Whisky investment: Can the Scotch boom continue?

Nov 1, 2013
Jane Lewis

As whisky prices soar we look at ways of turning liquid gold into real treasure

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Two decades ago, a bottle of whisky from the Port Ellen distillery on the Isle of Islay would have set you back around £30. This week some 3,000 went on sale priced at £1,500 each, and they'll probably rocket again on the secondary market. The reason? Rarity. 

In 1986, the distillery - which produced one of Islay's most distinctive single malts, with a deep peaty taste - was shut down, a victim of plummeting demand for top-end whiskies. These days the most pressing problem facing the owner of the residue stock, Diageo, is how to value the few remaining Port Ellen casks. As the company observes: "future pricing is going to be very tricky".

Another day, another tale of whisky galore. In Scotland they call it uisge beatha: the water of life. And, as the world's aspiring classes have adopted it as their tipple of choice, it has certainly given exports a life-enhancing boost. They have almost doubled since 2007 to £4.3bn, and whisky now "accounts for more than 25 per cent of the UK's entire food and drink overseas market," says Campbell Evans of the Scotch Whisky Association. No wonder Alex Salmond has got a bee in his Tam O' Shanter about where the proceeds should go.

Soaring prices have both spurred, and been fuelled by, an investment bonanza in what some call "liquid gold", with returns of late certainly living up to that name. According to a recent analysis by investment house Whisky Highland, a £100,000 investment in the top 10 performing bottles back in 2008 would now be worth more than £400,000 - a gain of more than 300%. Whisky, as one expert observes, has become the "alternative alternative investment", with records for fine and rare bottles being constantly broken at auction.

According to the Guinness Book of Records, the most expensive ever sold is a $460,000 bottle of 64-year old Macallan, packaged in a Lalique crystal decanter sold by Sotheby's in New York in 2010 But prices of rare malts like The Dalmore have been consistently hitting £120,000 per bottle - and the market expects the trend to escalate.

"At the moment, rare bottle auctions account for just over £3m in sales," notes David Robertson, rare whiskies director at White & Mackay, which owns The Dalmore. But sales are growing at a rate of 20 per cent a year and, by 2020, will be worth nearer £17m. "Only real aficionados used to buy whisky at auction," he says. But, of late, mainstream investment punters have been piling in.

Indeed, the market for fine malts appears buoyant wherever you look on the price spectrum. For example, a Macallan special commemorative edition to celebrate the marriage of Prince William and Kate Middleton which cost £150 a bottle in 2011, is now selling for around £900.

Cue the inevitable talk of a bubble in Scotch prices. As the history of Port Ellen illustrates, the market has a history of turbulence - and some reckon investors could be in for one hell of a hangover when the bottom eventually falls out of the whisky barrel. Not least because Scotch, while physically liquid, isn't a liquid commodity in the financial sense of the word. If you need to get out in a hurry, you could find yourself soaked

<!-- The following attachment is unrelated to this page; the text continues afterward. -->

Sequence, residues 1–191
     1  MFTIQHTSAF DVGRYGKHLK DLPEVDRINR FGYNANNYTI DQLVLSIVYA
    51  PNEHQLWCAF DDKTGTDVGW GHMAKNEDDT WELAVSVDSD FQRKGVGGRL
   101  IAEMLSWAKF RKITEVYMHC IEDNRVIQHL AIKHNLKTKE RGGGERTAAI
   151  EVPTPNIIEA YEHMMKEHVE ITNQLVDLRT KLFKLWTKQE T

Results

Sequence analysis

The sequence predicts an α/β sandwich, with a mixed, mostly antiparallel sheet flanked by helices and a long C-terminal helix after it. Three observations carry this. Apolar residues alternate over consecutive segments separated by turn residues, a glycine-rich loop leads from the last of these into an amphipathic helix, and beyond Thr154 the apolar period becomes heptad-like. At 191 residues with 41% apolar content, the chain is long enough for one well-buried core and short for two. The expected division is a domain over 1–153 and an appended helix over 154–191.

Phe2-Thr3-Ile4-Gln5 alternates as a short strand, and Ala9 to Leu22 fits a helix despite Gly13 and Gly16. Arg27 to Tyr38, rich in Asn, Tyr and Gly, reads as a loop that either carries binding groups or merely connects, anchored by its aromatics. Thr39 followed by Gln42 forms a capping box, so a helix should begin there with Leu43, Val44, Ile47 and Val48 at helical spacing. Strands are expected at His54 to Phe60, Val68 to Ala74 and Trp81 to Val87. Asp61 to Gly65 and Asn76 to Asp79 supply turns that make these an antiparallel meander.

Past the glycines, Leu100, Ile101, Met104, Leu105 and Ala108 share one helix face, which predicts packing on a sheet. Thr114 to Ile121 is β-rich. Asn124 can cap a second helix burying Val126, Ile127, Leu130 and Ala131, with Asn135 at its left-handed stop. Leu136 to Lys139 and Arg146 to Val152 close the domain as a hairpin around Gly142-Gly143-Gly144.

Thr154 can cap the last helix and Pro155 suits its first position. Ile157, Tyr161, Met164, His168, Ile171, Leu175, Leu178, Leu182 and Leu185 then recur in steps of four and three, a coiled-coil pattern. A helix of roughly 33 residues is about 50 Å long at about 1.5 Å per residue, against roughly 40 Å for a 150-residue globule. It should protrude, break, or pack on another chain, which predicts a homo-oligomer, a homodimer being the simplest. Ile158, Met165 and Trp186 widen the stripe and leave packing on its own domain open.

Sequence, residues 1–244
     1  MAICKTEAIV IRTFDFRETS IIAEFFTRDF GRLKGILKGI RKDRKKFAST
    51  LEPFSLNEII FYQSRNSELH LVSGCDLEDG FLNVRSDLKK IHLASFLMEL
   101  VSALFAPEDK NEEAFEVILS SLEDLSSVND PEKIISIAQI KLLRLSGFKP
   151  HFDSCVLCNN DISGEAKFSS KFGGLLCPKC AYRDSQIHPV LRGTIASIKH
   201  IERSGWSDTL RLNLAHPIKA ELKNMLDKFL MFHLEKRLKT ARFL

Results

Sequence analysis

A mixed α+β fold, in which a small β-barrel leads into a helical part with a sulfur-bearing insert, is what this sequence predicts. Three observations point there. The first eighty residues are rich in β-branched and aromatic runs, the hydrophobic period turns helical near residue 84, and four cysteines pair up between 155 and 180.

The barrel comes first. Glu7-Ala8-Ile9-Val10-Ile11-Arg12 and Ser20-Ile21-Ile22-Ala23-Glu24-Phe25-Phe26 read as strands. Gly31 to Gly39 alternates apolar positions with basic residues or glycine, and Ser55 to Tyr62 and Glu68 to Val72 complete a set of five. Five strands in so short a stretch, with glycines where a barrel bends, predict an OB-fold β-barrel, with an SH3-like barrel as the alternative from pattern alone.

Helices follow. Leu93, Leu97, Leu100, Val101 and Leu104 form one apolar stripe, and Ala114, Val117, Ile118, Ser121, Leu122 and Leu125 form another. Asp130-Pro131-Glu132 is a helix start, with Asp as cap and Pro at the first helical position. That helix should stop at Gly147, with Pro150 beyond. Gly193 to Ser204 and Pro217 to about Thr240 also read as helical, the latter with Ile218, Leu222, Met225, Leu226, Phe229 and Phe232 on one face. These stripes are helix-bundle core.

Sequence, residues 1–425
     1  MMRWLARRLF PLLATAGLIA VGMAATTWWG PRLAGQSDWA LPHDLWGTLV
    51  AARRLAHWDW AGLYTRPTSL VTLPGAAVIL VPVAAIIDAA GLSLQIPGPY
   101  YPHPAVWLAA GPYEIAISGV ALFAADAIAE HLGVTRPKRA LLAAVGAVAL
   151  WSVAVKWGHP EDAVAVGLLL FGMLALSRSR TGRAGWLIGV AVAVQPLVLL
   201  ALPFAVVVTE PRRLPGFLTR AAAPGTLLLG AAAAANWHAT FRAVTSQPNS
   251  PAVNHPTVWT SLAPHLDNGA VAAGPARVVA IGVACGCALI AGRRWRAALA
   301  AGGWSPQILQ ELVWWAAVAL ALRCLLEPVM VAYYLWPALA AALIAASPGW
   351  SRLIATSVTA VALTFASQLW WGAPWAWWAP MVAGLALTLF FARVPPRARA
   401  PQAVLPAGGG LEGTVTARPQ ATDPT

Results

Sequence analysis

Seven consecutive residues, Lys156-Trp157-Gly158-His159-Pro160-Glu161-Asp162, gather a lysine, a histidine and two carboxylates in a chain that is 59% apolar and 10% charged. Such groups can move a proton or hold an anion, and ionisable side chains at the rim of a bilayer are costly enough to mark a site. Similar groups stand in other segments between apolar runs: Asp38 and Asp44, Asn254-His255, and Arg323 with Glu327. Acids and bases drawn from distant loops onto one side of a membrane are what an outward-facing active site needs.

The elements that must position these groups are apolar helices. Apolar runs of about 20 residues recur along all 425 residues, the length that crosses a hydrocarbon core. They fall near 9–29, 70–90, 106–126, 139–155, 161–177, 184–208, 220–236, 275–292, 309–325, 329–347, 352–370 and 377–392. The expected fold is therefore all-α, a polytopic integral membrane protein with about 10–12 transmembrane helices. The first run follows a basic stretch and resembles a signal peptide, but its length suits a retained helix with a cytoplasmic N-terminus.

For the moment, Robertson reckons the golden age of whisky has legs. "It is simply a case of market forces; growing demand for a decreasing stock of bottles means that the prices are going up". And there's no imminent sign of demand falling. International Wine & Spirit Research reckons global whisky consumption levels are likely to rise 12 per cent from 2012 to 2016 - more than double the rate of any other main spirit category, bar Cognac - thanks to the seemingly unquenchable thirst of emerging market drinkers. And, if the past is in any guide, the rising popularity of mainstream brands will only serve to push prices of investment grade scotch higher.

If you are sold on investing in a dram or two, what are the best tips?

First, pick single malts from renowned distilleries. While there are a number of good investment-grade whisky blends out there, it's the history and heritage of single malts that most collectors seek out. To gauge recent trends, check out the Whisky Highland Index, where top performers of late include: The Macallan, The Dalmore, Port Ellen, Glenfiddich and The Balvenie.

Secondly, look for single cask releases and very limited volumes. Perhaps the easiest way to hunt down rarity is to look for distilleries that have closed, ensuring an absolute finite supply in the market. Names like Port Ellen and Brora have achieved cult status among connoisseurs.

Finally, buy what you want to drink. If the bottom does fall out of the market, you'll at least have the pleasure of swallowing your losses. Robertson advises Scotch novices to buy two bottles. Keep one and drink one, he says. That way, you'll be "doing your bit to take some supply out of the market, helping to push the price of your remaining bottle upwards".

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We can only hope it continues.